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Sterling residents looking for tax relief

Pensions will again drive tax levy talks

STERLING – City leaders are getting ready to elevate property taxes to the top of their agenda, and tax-weary residents are wondering how painful the next tax levy increase will be.

The tax levy conversation won’t begin in council chambers until November, but the talk among residents never really stopped since police and fire pension realities left a sizeable dent in property owners’ pocketbooks.

In 2015, the city instituted a tax levy increase of 18.76 percent, and at the same meeting, approved a utilities tax. Last year, the levy increase came in at 6.06 percent, but the wild swings are making it difficult for taxpayers to budget.

Adding to the overall tax burden, voters still OK’d a sales tax increase in April that is earmarked for costly stormwater sewer upgrades.

Property taxes were a hot topic at Thursday’s town hall organized by Jim Wise, Sterling’s newest council member. Wise, along with Alderman Bob Conklin and City Manager Scott Shumard, met informally with a small group of residents at Woodlawn Arts Academy.

“Property taxes have doubled since I came to Sterling, and I’m not seeing many improvements,” Darlane Davis said.

Shumard told Davis that property taxes aren’t channeled in that direction.

“Public works improvements come mostly from the capital fund, and 95 percent of the property tax increases go to pensions,” Shumard said.

When Wise was running for alderman, taxes were at the center of his campaign. He said residents were suffering from “taxation saturation”, citing property tax rate increases totaling 52 percent since 2010.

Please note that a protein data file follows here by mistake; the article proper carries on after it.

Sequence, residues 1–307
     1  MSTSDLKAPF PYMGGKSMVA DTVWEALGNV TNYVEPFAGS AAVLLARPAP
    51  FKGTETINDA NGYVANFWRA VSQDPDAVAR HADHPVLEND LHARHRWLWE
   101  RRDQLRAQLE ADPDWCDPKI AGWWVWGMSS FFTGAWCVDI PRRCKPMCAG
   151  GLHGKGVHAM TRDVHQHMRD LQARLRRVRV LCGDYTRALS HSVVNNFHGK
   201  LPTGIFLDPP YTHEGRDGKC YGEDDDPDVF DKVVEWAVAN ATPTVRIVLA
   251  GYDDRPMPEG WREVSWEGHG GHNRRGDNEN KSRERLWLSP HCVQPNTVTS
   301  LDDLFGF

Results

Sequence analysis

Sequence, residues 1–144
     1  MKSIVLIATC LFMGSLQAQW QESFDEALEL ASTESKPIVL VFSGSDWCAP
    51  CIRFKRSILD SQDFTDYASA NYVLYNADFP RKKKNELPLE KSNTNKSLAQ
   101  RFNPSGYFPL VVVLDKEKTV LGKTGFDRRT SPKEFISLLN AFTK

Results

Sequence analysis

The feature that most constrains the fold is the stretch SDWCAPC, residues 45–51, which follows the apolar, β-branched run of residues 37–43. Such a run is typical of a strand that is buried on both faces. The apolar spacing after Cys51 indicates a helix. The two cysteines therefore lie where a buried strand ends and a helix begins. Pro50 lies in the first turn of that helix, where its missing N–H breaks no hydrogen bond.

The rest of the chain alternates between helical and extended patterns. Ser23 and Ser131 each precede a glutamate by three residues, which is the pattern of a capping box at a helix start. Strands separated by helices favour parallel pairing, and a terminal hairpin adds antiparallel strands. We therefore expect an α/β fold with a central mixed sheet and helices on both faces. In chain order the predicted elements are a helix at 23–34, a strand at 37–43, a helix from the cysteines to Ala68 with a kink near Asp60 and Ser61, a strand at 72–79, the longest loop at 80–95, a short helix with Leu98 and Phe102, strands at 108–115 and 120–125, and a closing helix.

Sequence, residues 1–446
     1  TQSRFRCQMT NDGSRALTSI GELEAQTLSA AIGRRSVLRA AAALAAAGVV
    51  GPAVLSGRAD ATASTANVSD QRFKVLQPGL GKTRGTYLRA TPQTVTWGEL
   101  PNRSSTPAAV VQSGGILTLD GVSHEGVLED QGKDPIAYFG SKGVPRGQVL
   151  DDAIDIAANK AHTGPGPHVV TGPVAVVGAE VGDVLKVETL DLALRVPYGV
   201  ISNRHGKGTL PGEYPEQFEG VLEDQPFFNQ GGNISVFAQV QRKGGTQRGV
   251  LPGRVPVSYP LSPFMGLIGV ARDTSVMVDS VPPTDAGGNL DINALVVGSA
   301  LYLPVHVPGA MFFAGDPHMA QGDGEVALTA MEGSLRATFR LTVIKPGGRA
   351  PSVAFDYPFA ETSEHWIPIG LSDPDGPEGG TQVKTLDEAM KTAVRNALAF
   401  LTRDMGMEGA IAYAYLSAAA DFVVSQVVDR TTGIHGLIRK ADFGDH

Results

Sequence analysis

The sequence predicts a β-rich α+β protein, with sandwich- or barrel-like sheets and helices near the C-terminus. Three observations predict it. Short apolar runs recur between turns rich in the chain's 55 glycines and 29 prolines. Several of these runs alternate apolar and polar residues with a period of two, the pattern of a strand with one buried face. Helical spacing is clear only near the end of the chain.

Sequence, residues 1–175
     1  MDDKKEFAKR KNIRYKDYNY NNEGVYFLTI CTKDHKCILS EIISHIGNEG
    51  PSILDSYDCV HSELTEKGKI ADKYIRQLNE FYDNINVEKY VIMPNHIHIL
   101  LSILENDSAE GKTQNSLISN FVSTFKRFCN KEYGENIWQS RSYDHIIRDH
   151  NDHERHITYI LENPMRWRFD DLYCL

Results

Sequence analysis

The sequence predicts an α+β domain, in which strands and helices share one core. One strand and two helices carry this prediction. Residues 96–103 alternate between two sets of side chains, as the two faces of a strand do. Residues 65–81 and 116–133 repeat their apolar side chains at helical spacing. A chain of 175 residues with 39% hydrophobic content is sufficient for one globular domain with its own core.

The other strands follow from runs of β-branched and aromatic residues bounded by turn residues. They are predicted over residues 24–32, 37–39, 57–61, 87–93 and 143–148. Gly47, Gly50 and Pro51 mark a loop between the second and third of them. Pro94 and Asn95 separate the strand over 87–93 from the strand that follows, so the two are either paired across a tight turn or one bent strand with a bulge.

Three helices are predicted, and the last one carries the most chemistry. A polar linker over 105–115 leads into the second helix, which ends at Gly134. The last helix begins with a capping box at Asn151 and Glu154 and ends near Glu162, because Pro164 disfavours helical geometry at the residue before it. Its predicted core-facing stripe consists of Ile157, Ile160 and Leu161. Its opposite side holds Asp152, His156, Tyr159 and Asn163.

Wise vowed to stop the runaway train of excessive taxation by reining in spending.

“Sterling is overtaxed, and I believe it’s time to restructure the city’s finances to meet the needs of its citizens,” Wise said.

Wise has even talked about the possibility of abating taxes or putting in caps. Since joining the council 5 months ago, Wise said he has a better understanding of the pensions situation.

“The state runs the pensions game, and there’s not a lot that can be done at the local level,” Wise said.

He does, however, still hold out hope that residents can get some tax relief.

“Taxes are a necessary evil, but maybe we can control them,” Wise said. “Property taxes have been up 18 percent one year and 4 percent the next – we need a smoother ride and increases would be more acceptable.”

Abatement, or a tax reduction, is more common at school districts because of their dependence on property taxes. Wise doesn’t rule it out for city government.

“We can’t do what school districts do because we don’t get that much from property taxes, but I think there’s a way to even out the ride.”

Some residents pointed to a changing local economic landscape that has put more of the tax burden on a smaller group of people.

“The economic situation was very different 10 years ago,” said Rod Kleckler, a Rock Falls resident who is a Sterling business owner. “Economic incentives for the businesses, especially the big-box stores have cut into the tax base.”